Continuous Improvement blogThe Power of Storytelling

This week it is National Storytelling Week in the UK, with the theme “Your Story – My Story”. This got me thinking about the impact that storytelling can have on the work that we do. After all, stories have been used for centuries to pass on learning and knowledge from generation to generation. Stories can also be used to help make sense of what otherwise could be seen as a complex situation. When a story catches our attention, it can act as a ‘light bulb moment’; it allows us to fully understand and absorb the message and meaning behind it, that we may not have been able to do otherwise. So stories can have real impact, they can be powerful. 

At the Lean in Higher Education International Conference in October 2021, Francisco Mahfuz presented on “The Power of Storytelling”, Francisco is the author of "Bare: A Guide to Brutally Honest Public Speaking" and the host of The Storypowers Podcast, where he interviews global experts on how to use the power of stories to engage, persuade and inspire.

Francisco highlights that there's a reason millions of people can watch Netflix for hours on end every night, but most of us struggle to sit through a meeting or presentation for 10 minutes without checking our phone, doodling or having our mind wander. And it's not because business is boring. Business has all the excitement of real life - and more. It's because of how we communicate. And without effective communication, managing change is impossible. It takes more than a story to create long-lasting change, but you can’t achieve it without a story. A story can create focus and give meaning to change, help spread it and overcome objections.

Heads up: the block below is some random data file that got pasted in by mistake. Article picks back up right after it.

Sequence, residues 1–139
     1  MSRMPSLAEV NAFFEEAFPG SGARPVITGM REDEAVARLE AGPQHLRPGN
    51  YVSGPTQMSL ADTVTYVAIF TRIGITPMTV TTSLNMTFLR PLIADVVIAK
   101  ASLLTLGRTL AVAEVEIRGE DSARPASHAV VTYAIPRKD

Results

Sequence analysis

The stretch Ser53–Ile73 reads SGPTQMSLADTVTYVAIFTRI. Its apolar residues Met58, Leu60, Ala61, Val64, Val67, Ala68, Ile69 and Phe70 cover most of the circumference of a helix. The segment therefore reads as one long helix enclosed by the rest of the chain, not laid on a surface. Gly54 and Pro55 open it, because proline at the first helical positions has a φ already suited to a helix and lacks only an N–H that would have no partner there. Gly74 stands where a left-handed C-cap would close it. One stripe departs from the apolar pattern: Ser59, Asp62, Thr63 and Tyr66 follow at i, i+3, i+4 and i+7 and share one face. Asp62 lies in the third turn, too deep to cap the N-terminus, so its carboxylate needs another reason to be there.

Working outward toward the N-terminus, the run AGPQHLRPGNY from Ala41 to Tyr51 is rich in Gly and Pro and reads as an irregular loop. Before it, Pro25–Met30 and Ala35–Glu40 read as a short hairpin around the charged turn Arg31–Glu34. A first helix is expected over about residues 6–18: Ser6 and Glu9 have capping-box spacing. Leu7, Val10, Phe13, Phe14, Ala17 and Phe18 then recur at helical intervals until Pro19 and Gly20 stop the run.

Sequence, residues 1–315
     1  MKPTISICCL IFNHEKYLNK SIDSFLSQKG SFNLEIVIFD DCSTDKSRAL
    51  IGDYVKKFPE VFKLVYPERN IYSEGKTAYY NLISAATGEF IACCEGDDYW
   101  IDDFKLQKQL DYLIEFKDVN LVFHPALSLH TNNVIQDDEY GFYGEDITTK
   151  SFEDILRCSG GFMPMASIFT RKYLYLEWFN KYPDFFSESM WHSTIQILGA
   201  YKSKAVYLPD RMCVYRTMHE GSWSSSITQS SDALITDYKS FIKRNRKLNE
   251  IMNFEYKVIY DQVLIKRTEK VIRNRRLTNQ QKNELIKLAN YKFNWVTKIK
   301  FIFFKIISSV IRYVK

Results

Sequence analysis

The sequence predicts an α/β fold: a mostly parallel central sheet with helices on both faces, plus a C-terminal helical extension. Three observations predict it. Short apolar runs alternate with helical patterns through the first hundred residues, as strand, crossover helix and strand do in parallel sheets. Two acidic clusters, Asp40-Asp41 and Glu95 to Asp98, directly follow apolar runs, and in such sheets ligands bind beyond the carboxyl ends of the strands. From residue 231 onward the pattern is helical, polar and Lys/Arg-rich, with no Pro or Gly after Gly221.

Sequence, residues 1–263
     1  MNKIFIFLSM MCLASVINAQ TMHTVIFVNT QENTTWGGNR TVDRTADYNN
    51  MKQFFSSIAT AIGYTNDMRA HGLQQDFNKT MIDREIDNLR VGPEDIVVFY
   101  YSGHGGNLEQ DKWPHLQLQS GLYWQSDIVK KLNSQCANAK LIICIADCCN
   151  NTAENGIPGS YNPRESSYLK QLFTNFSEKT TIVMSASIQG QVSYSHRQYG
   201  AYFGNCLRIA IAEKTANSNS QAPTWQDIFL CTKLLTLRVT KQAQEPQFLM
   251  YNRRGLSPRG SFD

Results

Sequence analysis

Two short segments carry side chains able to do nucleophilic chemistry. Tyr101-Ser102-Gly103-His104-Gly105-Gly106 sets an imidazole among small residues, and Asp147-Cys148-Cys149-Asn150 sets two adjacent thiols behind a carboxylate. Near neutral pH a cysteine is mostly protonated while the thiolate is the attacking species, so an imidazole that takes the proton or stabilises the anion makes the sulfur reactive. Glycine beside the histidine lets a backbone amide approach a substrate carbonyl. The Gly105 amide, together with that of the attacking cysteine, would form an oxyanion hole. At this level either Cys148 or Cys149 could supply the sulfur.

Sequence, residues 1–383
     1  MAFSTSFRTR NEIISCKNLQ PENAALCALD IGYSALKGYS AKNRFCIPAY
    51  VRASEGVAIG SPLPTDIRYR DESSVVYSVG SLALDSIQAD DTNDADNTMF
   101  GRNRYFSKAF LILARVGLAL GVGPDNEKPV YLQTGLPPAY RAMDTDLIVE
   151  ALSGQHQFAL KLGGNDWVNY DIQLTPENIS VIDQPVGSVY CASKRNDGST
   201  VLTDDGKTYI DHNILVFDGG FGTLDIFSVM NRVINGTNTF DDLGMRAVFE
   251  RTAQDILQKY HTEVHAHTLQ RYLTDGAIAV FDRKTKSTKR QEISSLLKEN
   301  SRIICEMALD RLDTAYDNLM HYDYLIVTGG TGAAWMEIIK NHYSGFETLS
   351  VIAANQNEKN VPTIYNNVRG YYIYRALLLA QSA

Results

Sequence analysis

In the work that we do in the Continuous Improvement Directorate in the University of Strathclyde, we often tell stories of projects that we have worked on in the past or stories that we have heard others tell that have had a real impact on us. We often reflect how these stories can help our colleagues navigate their way through a change process. They can identify and relate to the stories that we tell; are able to put themselves in the story. In a sense the story is providing an example of their current reality. The story can help them see that things can and will improve.

As well as telling stories based on our own work, we are also constantly looking out for stories that will help emphasise a point for a particular piece of work that we are doing. One example that caught my attention recently was from Matthew Syed, the bestselling author of books such as “Rebel Ideas”, “Bounce” and “Black Box Thinking”.

Here’s the story:

In 1926 the US military used a one size fits all approach to design the perfect cockpit for their fighter planes.

They collected hundreds of measurements from hundreds of pilots.

They then calculated the ‘normal’ height, ‘normal’ arm length, ‘normal’ leg length, ‘normal’ reach…

Using this data, they created the ‘perfect’ cockpit, all perfectly sized for the perfectly sized pilot.

25 years after the cockpits were designs, the air force was perplexed as to why their pilots kept crashing.

Lieutenant Gilbert S Daniels decided to look into it and realised, not a single pilot of the 4000 current pilots fit the measurements of ‘normal’. A one size fits all approach is often the antithesis of a good solution.

Do you use storytelling in your work? If so, I’d love to hear more about it.